Thanks for stopping by my blog. Here I will be posting information about my creative process, inspiration, tutorials and day-to-day activities that make me who I am. I hope you enjoy it, come back often, follow, and invite your friends as well. Click on the painting to your right to be directed to my website.

Wednesday, February 23, 2011

I Know Why The Caged Bird Sings

I Know Why the Caged Bird Sings
by Maya Angelou

A free bird leaps on the back
Of the wind and floats downstream
Till the current ends and dips his wing
In the orange suns rays
And dares to claim the sky.

But a bird that stalks down his narrow cage
Can seldom see through his bars of rage
His wings are clipped and his feet are tied
So he opens his throat to sing.

The caged bird sings with a fearful trill
Of things unknown but longed for still
And his tune is heard on the distant hill for
The caged bird sings of freedom.

The free bird thinks of another breeze
And the trade winds soft through
The sighing trees
And the fat worms waiting on a dawn-bright
Lawn and he names the sky his own.

But a caged bird stands on the grave of dreams
His shadow shouts on a nightmare scream
His wings are clipped and his feet are tied
So he opens his throat to sing.

The caged bird sings with
A fearful trill of things unknown
But longed for still and his
Tune is heard on the distant hill
For the caged bird sings of freedom.

Friday, February 18, 2011


Solitude.  It's not really the same as being alone or lonely.  It's a chosen state of mind which allows one to reflect, grow, and reach toward something great. As winter nears an end (hopefully), I am using the last of it's quiet energy to reflect and embrace it's wisdom.  Solitude allows the quieting of the mind, and a connection to powers and forces greater than us.  It is in this quiet I am able to connect with myself on a more soulful level, and move forward into the spring with new life.

Originally, I couldn't think what to name this piece.  I have since decided on 'Solitude', as it reflects my current state of mind. The tree sits in rest, stillness, waiting for the warmth of the spring's sun to signal a readiness to blossom.  All the buds (ideas, groundwork) were formed last year, and have sat dormant over the cold winter months- now anticipating their growth, as the Earth Mother begins to bring her grand plan to fruition.

“Language... has created the word "loneliness" to express the pain of being alone. And it has created the word "solitude" to express the glory of being alone.”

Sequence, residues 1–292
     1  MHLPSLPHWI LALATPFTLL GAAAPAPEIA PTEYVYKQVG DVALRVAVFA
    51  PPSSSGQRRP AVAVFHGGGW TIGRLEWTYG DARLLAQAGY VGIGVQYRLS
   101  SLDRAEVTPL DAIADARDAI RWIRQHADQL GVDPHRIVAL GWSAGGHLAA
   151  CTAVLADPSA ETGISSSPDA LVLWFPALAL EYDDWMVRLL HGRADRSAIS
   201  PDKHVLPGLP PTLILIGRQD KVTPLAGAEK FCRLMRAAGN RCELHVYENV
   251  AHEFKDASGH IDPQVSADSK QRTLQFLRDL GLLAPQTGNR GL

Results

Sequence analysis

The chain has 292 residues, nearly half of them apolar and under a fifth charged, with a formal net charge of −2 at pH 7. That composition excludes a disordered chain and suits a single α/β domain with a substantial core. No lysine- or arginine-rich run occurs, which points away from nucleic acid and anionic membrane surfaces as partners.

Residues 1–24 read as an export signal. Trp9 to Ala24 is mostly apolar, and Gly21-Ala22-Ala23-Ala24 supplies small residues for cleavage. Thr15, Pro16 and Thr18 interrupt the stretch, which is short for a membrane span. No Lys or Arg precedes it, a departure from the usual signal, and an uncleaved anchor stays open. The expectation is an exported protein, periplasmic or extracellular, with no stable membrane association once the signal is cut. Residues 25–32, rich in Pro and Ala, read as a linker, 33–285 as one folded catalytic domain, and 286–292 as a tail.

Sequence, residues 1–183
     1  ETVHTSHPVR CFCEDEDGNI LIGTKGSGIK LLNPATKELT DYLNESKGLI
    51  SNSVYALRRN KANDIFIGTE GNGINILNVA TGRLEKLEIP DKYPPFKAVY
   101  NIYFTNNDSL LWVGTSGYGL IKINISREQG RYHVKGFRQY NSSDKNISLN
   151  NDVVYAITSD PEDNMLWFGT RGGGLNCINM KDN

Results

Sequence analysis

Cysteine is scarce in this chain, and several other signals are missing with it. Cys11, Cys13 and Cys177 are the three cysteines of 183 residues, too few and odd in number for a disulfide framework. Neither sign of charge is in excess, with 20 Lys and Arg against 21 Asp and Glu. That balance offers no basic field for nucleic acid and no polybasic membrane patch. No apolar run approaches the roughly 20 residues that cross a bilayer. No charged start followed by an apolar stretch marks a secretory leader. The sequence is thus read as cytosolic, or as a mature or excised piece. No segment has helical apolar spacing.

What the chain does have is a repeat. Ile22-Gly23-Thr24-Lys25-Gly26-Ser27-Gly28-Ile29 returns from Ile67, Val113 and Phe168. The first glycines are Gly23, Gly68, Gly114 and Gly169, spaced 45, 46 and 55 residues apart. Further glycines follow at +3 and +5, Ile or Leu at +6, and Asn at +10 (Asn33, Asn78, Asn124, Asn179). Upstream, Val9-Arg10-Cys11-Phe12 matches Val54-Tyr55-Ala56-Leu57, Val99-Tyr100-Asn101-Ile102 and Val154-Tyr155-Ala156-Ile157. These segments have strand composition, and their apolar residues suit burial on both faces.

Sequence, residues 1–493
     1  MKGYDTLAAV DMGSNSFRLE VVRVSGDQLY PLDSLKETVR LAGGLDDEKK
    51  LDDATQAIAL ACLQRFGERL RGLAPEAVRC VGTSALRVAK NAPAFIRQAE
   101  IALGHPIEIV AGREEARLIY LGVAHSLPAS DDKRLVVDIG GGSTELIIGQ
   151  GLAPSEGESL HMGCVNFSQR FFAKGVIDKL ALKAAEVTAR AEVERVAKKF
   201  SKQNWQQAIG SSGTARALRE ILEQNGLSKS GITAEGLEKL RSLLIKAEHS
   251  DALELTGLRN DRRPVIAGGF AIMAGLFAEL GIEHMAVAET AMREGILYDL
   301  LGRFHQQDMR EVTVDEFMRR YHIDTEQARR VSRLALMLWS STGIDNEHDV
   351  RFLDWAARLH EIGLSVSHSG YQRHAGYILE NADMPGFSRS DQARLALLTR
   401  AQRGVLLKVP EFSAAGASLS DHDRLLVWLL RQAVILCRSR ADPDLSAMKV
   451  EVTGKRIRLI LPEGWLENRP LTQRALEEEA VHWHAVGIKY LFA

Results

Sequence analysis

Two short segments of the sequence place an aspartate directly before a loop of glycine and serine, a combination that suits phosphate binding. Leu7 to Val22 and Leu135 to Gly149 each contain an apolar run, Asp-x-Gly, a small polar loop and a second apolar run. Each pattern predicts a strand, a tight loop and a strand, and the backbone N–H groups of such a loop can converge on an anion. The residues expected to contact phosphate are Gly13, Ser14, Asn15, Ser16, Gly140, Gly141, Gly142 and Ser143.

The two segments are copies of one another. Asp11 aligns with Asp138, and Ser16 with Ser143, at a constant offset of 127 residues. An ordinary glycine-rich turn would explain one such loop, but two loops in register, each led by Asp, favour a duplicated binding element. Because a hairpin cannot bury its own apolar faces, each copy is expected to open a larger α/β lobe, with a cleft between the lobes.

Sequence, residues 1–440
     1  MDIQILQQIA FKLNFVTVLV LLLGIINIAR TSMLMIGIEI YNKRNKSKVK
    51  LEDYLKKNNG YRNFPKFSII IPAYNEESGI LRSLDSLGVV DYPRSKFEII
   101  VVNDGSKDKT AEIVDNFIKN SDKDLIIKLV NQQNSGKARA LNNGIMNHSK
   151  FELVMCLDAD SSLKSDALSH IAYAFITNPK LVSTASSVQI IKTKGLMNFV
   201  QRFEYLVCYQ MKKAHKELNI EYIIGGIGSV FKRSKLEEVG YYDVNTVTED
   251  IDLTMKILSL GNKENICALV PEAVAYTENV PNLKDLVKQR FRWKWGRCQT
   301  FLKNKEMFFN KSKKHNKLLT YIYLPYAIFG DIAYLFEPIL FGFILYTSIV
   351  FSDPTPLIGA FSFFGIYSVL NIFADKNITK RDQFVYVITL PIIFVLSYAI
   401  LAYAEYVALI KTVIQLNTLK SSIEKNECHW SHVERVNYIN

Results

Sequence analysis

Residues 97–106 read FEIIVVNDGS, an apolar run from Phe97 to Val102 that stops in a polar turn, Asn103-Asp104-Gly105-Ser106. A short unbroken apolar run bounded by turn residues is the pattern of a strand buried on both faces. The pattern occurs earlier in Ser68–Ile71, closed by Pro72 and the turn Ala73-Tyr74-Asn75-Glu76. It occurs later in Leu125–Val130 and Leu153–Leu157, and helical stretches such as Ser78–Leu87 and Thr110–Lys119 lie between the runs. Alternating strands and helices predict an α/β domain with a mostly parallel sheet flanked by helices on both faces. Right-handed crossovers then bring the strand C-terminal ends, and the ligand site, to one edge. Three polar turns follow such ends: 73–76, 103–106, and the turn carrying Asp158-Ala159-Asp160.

~Paul Tillich quotes

Monday, February 14, 2011

"Love, Your Valentine"...slush in my ear, and Chinese water torture

The history of Valentine's day is not entirely clear.  Some express that this day is named after a priest who served in the Roman Empire during the reign of Claudius II (around 270 AD).  Claudius believed that single men made better soldiers, and had banned marriage for young men in the hopes of building a stronger army.  This law did not prevent people from falling in love, however.  As such, Valentine took pity on the young men and married them secretly.  When Claudius found out, Valentine was sentenced to death.

Another version of the story (or perhaps more likely a continuation of the story) is that Valentine, while imprisoned, fell in love with the jailer's daughter.  Before being executed, he signed his last love letter to her, "Your Valentine". 

So why February 14th?  After Valentine's death, word of his story spread and people began referring to him as St. Valentine (I'm sure the story now is much more romantic a notion than what actually occurred, after all- nothing spreads faster than the story of someone else's tragedy).  By the Middle Ages, the Romans held a tradition where by on  a special day, young men could give notes of affection to the women they wished to formally see.  The month of February was already associated with love, and by this time Valentine (referred to as a 'Patron Saint'),was believed to over see (spiritually) the festival of love which was held every February 14th.  There have been valentine's found dating back to the early 1400's!
*heavy sigh* I love a good tragedy/love story.  The basis of the tradition of Valentine's Day is so pure and lovely, I do find myself a bit annoyed by the commercialism of it all.  That is why I help my children make their valentine cards.  In keeping with my 'going green' motto for the year, we baked cookies and decorated them to go with the handmade valentines. For my daughter's class, we made little paper envelopes to hold the cookies.  Foolish me, forgot that two children times two classes equals 50 valentines!!  We did it though- our very own little valentine sweat-shop.

Let me be clear.  The valentine process in this house took a few days.  It's been emotional to say the least, and by the time I washed the last of the icing off the wall last night (don't ask), I was exhausted...

Which reminds me of a brief tutorial for Valentine's Day.

I first saw these cubes with Victorian images, and thought to myself, "self, why not put images from your own family".  So I scanned and printed off wedding pictures and images from my ancestors.  I mean, why not celebrate the relationships that made ME possible?!

~two milk cartons per cube (same size, I used 1 litre cartons).
~white glue, a dish, water & old paint brush
~acrylic paint (I used red and burnt umber)
~gel medium (optional)
~spray varnish
~crackle medium (optional)
~masking tape or packing tape

  1. Measure across the bottom of the carton.